Graphic: Standard US Army campaign ribbons bar for the Vietnam War

1st MIBARS In Vietnam!

Facility Improvement

Soldiers Doing What Soldiers Do In Any War:

 Working To Improve Operating Conditions 

Photo: Reproduction Section officer and senior non-commissioned officer

Photo Credit: MIV

Above: Reproduction Section Chief , left, with Section senior NCO in December 1966.   The Section NCO rotated out of Vietnam shortly after this picture was taken, but returned to DaNang the following November for a second tour of duty with  "B" Detachment. 

Expert Help Was Available When Needed

In conjunction with renovation of the deteriorating ES-38A van, the Reproduction Section replaced the existing gray clapboard entryway of its facility with a substantially larger building that provided additional production space, room to process conventional photography in support of the Hand-held Camera Program, and shelter for Repro personnel who were not working in the van.  Mindful of "B" Detachment's potential need to change locations quickly, the ES-38A was "butted" into the new building from the courtyard side of the  I Corps Compound so that the van could be plucked easily from the building with a small crane and reloaded on its truck.  An extended roof  that could be easily demolished if necessary protected the van from the harsh tropical sun and constant moisture.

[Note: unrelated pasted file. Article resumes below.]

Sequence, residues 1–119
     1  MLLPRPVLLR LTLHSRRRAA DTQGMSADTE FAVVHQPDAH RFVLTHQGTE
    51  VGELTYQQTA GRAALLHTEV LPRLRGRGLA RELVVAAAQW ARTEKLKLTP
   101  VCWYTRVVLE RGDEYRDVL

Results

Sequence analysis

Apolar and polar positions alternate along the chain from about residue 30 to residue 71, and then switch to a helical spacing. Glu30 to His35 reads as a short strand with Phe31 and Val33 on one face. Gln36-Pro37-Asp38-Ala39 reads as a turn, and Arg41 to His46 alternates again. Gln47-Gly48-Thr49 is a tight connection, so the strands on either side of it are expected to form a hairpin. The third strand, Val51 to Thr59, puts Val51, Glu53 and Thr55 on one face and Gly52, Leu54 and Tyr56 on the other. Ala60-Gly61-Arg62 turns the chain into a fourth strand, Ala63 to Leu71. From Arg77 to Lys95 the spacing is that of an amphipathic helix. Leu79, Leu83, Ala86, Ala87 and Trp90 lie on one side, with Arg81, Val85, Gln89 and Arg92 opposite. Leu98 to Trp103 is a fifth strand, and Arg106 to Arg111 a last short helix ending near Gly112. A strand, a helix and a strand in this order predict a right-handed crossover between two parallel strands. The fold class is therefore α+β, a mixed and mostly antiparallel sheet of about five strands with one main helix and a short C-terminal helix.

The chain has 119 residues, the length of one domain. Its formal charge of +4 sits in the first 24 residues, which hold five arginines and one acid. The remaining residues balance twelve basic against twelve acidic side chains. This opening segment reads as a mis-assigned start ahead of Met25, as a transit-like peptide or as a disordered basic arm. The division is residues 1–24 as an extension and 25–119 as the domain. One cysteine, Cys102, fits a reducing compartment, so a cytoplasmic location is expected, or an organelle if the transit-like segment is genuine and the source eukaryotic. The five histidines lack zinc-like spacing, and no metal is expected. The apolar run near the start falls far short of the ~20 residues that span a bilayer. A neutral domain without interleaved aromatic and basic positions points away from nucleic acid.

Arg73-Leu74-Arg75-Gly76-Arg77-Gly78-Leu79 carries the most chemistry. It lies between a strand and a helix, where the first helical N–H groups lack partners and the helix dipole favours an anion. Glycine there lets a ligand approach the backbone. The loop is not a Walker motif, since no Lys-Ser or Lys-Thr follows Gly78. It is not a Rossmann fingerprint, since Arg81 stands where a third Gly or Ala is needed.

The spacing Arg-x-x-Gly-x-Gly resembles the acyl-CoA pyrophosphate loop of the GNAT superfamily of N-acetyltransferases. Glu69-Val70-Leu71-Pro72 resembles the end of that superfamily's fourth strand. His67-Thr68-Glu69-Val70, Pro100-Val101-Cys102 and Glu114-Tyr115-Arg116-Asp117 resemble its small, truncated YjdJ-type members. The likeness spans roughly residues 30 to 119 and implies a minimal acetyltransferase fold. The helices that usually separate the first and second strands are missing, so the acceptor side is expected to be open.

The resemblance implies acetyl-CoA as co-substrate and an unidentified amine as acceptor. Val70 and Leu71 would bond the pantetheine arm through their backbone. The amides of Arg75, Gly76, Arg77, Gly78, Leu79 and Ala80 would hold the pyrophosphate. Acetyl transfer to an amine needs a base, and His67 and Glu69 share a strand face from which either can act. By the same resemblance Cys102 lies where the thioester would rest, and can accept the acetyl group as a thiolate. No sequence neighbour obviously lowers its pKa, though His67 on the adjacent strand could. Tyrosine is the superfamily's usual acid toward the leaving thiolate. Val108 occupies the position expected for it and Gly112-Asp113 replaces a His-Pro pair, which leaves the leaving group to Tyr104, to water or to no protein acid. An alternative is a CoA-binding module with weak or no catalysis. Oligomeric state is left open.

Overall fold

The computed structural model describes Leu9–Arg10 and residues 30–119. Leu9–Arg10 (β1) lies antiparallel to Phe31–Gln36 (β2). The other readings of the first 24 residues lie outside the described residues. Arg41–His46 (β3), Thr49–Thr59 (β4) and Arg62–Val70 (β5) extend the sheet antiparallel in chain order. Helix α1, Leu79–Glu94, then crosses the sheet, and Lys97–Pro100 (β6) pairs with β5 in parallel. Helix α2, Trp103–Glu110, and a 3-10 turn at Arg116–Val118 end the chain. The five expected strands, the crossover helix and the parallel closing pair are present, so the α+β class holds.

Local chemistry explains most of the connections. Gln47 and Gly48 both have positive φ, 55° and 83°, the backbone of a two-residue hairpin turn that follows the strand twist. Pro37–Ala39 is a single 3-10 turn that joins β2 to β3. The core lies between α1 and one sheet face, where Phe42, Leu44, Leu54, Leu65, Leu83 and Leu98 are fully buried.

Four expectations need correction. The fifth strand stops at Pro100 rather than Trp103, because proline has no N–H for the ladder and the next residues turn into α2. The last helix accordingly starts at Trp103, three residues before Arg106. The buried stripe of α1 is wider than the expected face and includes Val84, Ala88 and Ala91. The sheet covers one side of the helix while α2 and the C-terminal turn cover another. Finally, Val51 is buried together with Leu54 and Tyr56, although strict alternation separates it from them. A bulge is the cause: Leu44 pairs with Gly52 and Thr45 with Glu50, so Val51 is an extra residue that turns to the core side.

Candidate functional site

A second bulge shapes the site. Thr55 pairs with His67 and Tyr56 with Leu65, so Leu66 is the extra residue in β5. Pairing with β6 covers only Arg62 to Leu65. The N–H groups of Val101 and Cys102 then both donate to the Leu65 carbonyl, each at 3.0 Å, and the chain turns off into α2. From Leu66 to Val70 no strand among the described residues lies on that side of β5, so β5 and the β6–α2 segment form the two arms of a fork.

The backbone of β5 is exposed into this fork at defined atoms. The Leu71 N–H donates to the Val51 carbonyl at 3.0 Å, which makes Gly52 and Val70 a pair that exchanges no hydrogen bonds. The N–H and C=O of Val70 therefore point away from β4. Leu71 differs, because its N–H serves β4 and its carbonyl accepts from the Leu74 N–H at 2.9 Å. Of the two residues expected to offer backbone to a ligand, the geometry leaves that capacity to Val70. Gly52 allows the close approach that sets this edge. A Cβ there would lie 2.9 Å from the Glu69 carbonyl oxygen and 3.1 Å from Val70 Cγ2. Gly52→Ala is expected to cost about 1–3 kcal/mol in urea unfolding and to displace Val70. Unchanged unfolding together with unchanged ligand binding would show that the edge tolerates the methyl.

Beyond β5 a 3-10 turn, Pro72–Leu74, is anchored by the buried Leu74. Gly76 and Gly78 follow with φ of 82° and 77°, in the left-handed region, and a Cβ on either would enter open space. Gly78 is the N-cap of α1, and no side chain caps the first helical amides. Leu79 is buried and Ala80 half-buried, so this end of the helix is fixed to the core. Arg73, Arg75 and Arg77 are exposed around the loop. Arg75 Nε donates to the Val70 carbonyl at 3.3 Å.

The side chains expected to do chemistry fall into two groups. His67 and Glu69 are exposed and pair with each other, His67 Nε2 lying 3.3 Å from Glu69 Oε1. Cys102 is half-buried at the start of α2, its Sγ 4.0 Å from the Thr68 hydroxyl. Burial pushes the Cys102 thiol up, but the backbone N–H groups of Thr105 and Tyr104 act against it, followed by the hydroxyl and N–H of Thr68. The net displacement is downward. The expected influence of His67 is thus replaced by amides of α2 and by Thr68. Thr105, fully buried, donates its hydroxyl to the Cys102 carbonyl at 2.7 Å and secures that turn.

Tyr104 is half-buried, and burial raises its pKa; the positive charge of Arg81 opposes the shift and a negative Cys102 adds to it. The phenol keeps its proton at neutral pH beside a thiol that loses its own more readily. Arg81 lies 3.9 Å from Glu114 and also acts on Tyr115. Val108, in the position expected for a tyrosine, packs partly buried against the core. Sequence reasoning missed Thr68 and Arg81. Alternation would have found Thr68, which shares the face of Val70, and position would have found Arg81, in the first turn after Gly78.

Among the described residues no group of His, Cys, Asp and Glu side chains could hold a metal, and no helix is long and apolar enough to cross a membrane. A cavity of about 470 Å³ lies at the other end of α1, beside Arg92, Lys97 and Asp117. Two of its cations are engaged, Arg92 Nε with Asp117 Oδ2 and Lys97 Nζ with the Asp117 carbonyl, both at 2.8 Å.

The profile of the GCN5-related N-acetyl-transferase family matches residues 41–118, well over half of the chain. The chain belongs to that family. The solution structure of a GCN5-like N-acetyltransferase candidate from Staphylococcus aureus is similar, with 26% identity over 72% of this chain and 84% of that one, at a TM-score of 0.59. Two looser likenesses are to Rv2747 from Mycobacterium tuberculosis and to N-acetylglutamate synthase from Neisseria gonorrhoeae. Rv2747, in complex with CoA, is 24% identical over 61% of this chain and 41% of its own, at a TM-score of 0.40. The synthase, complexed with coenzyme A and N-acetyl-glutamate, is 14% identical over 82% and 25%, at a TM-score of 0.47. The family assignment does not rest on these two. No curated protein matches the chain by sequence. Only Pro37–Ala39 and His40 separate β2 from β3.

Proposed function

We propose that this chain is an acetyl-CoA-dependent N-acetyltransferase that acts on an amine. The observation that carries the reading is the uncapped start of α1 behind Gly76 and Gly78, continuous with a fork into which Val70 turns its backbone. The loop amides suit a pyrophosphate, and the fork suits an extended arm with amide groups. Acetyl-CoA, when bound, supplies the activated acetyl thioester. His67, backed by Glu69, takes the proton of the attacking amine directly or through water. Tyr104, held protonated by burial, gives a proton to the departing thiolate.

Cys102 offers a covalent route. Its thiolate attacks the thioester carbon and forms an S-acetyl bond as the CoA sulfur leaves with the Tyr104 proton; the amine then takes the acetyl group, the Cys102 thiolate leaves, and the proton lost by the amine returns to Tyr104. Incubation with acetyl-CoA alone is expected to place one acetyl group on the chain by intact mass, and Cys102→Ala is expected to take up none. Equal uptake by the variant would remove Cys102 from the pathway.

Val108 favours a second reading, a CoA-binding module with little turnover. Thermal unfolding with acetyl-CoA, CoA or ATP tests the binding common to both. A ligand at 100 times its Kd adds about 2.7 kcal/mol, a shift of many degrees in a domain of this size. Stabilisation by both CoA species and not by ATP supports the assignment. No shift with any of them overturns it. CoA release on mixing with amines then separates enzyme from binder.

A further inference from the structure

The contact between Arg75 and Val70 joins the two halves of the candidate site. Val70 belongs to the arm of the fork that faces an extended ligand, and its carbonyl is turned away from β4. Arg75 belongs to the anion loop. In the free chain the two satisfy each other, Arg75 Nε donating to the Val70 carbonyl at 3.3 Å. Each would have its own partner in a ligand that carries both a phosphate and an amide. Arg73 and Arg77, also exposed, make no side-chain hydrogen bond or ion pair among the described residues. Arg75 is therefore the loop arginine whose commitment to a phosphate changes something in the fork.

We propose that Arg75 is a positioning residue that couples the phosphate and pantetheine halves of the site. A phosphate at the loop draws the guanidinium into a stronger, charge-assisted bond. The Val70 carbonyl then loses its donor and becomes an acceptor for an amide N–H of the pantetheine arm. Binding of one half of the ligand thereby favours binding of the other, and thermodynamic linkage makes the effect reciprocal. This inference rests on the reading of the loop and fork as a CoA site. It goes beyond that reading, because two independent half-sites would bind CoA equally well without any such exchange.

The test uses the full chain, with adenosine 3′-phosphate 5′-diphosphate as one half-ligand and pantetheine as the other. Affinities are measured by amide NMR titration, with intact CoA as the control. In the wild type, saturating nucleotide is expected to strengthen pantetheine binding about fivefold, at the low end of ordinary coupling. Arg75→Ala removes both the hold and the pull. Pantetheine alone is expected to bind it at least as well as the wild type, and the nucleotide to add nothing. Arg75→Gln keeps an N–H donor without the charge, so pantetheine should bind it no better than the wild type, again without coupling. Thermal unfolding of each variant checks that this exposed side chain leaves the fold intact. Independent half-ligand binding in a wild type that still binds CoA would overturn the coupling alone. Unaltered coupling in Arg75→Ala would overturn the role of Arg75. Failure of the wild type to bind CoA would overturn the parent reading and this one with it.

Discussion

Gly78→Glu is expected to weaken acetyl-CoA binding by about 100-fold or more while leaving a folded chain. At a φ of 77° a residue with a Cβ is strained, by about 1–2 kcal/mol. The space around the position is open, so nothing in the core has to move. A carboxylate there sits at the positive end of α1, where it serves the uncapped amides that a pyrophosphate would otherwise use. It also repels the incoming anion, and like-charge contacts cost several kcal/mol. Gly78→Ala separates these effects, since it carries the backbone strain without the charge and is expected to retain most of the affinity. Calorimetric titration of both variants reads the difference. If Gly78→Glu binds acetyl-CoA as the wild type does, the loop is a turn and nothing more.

A US Navy SeaBee Battalion -- a Naval Construction Battalion -- was located up the coast from DaNang at nearby Red Beach and was asked by "B" Detachment to construct the shelter.  The SeaBees arrived with all of the necessary building materials -- concrete, lumber, roofing -- razed the existing shelter and constructed a new facility in what seemed to be less than a week.

This new facility served "B" Detachment well throughout 1967.  It was later learned that the Army of the Republic of Vietnam (ARVN) I Corps commanding general was miffed because he had not approved construction of the new building on his compound.  No Republic of Viet Nam Cross of Gallantry, a decoration routinely awarded to departing American personnel of all ranks, was presented to the Reproduction Section Chief.

Before and During Construction

Photo: Reproduction Section facility prior to improvement

Photo Credit: MIV 

Photo: US Navy SeaBees laying out the foundation of the new Repro Section facility

Photo Credit:  MIV

Demonstrating their legendary "Can Do" approach, the SeaBees razed the original structure, Above, and engineered and built the cement-floor building shown being staked out by the U.S. Navy construction crew, Above, Right.  Most of "B" Detachment's personnel helped out with the project, the photograph at Right showing Imagery Interpretation Specialists who "turned to" and crossed the Detachment "street" to provide muscle in the preliminary fitting of the ES-38A van into the framing of the front wall of the Reproduction Section's new structure.